Ecological disturbances include incidents such as wildfires, landslides, flooding, windstorms and pest outbreaks. Disturbances often yield short-term landscape changes but can have very significant, longer-term ecosystem impacts. An ecosystem is an environmental area in which organisms and landscapes work together to form a thriving system. In an agricultural ecosystem, everything from the type of dirt to the bacteria species living in the dirt to the multitude of insects, animals and different crops atop the soil plays an important role in sustaining and maintaining a farm’s function and balance. If agricultural ecosystems are disrupted, crop yields can be considerably dismantled—which directly impacts food availability down the line.
Extreme weather is considered ecological disturbance’s “sister.” These two climate challenges are often directly linked. Weather-related extreme events typically are short-term and include heat waves, freezes, heavy downpours, tornadoes and tropical cyclones. In addition to these extreme events, there are other climate-related events that can last over a long period of time and can be the result of the accumulation of seasonal shift outcomes or disturbances. An example of a longer-term extreme event is drought resulting from long periods of below-normal precipitation or wildfire outbreaks. Like disturbances, extreme weather can have an extended impact on farming practices and natural resource availability—leading to farming productivity decline.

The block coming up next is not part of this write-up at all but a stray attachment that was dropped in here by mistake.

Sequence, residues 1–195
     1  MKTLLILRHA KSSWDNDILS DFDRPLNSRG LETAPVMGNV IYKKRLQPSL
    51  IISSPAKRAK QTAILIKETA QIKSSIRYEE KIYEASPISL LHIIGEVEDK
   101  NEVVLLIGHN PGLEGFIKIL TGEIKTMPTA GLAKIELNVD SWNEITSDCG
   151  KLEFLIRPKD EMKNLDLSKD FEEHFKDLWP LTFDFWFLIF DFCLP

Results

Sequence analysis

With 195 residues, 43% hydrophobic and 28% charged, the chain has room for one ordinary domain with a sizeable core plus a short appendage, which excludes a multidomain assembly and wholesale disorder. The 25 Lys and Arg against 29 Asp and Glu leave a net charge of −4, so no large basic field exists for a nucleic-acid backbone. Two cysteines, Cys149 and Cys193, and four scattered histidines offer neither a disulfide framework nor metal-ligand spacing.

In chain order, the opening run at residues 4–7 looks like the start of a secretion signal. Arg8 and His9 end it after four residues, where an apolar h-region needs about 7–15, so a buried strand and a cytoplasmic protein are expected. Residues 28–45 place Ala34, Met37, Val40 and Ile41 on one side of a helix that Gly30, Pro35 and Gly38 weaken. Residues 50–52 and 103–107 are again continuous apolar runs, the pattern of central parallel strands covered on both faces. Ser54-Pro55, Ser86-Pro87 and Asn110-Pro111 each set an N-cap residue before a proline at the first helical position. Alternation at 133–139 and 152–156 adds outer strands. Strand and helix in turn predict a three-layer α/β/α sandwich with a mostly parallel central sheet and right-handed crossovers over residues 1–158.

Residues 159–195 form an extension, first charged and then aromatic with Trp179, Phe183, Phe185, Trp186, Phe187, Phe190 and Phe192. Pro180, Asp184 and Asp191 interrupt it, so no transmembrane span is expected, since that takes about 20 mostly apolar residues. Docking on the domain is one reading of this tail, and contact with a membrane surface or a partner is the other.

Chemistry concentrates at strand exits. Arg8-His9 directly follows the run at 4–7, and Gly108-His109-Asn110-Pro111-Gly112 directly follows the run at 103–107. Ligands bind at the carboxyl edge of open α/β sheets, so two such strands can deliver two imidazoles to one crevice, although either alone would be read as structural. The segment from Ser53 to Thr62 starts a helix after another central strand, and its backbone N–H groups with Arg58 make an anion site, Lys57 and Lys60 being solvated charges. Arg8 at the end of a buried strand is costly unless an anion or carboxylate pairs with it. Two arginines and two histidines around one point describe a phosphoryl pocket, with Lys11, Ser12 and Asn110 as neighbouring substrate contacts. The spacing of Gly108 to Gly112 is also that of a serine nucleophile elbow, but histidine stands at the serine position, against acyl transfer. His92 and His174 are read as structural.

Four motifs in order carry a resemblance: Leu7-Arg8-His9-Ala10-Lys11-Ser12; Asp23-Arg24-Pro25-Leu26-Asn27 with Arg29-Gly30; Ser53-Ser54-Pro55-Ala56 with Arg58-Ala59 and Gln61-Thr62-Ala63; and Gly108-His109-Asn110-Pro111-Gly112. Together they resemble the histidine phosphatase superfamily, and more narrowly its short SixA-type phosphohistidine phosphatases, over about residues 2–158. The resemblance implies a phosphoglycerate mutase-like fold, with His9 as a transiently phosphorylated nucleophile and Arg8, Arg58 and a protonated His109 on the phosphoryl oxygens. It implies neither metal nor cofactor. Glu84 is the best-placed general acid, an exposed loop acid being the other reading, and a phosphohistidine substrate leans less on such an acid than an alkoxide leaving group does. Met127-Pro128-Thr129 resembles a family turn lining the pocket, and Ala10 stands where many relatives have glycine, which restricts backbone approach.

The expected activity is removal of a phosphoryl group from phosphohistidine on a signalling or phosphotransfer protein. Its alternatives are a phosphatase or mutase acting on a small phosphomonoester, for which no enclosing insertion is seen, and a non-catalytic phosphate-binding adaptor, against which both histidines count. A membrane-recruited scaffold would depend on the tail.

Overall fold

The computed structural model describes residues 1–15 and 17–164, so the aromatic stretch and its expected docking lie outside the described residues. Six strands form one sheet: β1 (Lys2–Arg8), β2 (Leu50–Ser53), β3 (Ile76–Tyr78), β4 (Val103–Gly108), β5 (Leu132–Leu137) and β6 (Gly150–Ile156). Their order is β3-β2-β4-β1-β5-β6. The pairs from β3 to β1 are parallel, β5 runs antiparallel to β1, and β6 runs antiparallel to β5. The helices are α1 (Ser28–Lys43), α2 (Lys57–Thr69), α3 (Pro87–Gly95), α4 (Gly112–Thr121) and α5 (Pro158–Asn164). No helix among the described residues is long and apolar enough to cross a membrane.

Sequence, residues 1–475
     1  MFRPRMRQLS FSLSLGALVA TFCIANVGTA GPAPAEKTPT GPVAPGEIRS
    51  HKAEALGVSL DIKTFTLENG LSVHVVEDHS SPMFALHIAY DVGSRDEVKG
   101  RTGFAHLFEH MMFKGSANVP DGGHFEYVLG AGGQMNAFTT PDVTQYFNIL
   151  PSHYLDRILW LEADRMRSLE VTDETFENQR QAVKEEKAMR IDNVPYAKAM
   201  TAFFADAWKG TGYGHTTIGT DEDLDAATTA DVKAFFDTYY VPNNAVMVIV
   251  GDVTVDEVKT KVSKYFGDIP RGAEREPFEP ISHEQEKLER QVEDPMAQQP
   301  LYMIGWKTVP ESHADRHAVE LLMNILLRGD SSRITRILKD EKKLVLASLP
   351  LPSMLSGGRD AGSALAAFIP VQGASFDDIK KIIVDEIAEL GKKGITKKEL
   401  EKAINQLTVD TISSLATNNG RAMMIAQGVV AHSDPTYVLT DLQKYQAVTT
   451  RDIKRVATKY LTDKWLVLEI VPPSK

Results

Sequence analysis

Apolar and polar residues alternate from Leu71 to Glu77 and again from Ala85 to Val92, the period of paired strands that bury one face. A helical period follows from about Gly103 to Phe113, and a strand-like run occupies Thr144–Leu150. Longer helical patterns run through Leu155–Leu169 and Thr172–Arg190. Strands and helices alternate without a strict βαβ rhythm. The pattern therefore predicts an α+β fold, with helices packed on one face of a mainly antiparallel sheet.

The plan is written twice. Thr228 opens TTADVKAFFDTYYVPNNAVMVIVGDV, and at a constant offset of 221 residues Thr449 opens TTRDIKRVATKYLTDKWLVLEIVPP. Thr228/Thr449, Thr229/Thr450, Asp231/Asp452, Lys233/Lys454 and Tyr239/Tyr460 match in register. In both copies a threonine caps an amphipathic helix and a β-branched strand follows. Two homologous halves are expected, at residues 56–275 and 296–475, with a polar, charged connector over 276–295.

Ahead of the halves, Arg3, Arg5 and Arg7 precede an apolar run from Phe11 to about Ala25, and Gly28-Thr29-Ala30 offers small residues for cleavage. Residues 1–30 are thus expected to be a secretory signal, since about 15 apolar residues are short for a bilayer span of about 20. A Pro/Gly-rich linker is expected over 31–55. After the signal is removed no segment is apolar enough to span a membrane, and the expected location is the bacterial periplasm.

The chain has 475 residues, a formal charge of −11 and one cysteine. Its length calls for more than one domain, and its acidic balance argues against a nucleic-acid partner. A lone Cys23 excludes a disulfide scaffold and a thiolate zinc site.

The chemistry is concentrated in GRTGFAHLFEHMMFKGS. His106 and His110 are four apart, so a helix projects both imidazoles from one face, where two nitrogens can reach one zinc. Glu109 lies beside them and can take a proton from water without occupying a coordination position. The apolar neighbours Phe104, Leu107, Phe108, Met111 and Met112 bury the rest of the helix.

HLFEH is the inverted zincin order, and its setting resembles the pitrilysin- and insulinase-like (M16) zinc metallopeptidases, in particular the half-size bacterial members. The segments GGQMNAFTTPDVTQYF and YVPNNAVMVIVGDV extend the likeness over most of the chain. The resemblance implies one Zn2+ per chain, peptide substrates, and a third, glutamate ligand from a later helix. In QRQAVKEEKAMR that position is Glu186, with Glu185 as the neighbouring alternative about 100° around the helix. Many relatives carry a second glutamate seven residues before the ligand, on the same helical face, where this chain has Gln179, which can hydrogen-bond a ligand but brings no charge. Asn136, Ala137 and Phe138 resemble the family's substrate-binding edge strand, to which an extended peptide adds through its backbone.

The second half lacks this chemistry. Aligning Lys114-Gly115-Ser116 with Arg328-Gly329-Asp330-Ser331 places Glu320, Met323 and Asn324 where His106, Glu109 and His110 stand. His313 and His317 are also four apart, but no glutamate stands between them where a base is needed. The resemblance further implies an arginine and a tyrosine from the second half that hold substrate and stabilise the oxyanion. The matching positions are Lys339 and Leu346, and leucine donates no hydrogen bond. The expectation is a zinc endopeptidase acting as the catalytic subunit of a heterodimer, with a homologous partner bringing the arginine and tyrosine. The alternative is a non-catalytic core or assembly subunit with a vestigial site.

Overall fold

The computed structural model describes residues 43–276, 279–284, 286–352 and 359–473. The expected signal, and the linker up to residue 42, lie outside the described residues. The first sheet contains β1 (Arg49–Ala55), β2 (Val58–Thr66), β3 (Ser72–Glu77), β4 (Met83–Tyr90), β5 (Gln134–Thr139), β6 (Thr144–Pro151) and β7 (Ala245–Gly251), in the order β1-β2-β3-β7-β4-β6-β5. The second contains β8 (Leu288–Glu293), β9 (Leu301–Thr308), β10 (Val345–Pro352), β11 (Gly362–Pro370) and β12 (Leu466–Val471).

Rescued by resilient crops
Via farming advances, including the use of biotechnology and the development of resilient crops that are able to withstand various harsh conditions (that could otherwise obliterate harvests and food stores), farmers are able to recover from and/or be immune to the above-mentioned climate challenges.
Studies have found that supporting the growth of crops that can withstand climate challenges has shown great strides in helping farming productivity. As Acevedo et al. has noted, “For all countries, but especially those that rely on domestic agriculture production for food security, one of the most critical and proactive measures that can be taken to cope with food insecurity caused by unpredictable weather patterns is for farmers to adopt climate-resilient crops.” The need for resilient crops has grown even more for farmers (and the public) in the wake of the 2020 COVID-19 pandemic.